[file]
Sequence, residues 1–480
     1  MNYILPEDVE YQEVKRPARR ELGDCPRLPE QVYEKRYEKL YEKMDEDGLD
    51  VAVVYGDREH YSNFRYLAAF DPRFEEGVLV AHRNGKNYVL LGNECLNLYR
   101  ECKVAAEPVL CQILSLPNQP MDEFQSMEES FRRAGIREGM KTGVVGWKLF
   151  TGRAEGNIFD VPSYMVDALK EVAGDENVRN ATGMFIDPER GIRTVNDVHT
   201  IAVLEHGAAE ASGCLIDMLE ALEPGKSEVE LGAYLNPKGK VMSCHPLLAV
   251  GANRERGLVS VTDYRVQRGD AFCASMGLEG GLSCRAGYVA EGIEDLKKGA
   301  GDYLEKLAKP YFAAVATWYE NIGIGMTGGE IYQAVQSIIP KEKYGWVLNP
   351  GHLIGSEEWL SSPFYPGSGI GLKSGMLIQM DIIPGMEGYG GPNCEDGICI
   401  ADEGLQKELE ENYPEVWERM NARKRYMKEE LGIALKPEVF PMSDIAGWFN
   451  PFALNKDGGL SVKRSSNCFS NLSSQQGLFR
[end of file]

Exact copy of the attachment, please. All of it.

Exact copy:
Sequence, residues 1–480
     1  MNYILPEDVE YQEVKRPARR ELGDCPRLPE QVYEKRYEKL YEKMDEDGLD
    51  VAVVYGDREH YSNFRYLAAF DPRFEEGVLV AHRNGKNYVL LGNECLNLYR
   101  ECKVAAEPVL CQILSLPNQP MDEFQSMEES FRRAGIREGM KTGVVGWKLF
   151  TGRAEGNIFD VPSYMVDALK EVAGDENVRN ATGMFIDPER GIRTVNDVHT
   201  IAVLEHGAAE ASGCLIDMLE ALEPGKSEVE LGAYLNPKGK VMSCHPLLAV
   251  GANRERGLVS VTDYRVQRGD AFCASMGLEG GLSCRAGYVA EGIEDLKKGA
   301  GDYLEKLAKP YFAAVATWYE NIGIGMTGGE IYQAVQSIIP KEKYGWVLNP
   351  GHLIGSEEWL SSPFYPGSGI GLKSGMLIQM DIIPGMEGYG GPNCEDGICI
   401  ADEGLQKELE ENYPEVWERM NARKRYMKEE LGIALKPEVF PMSDIAGWFN
   451  PFALNKDGGL SVKRSSNCFS NLSSQQGLFR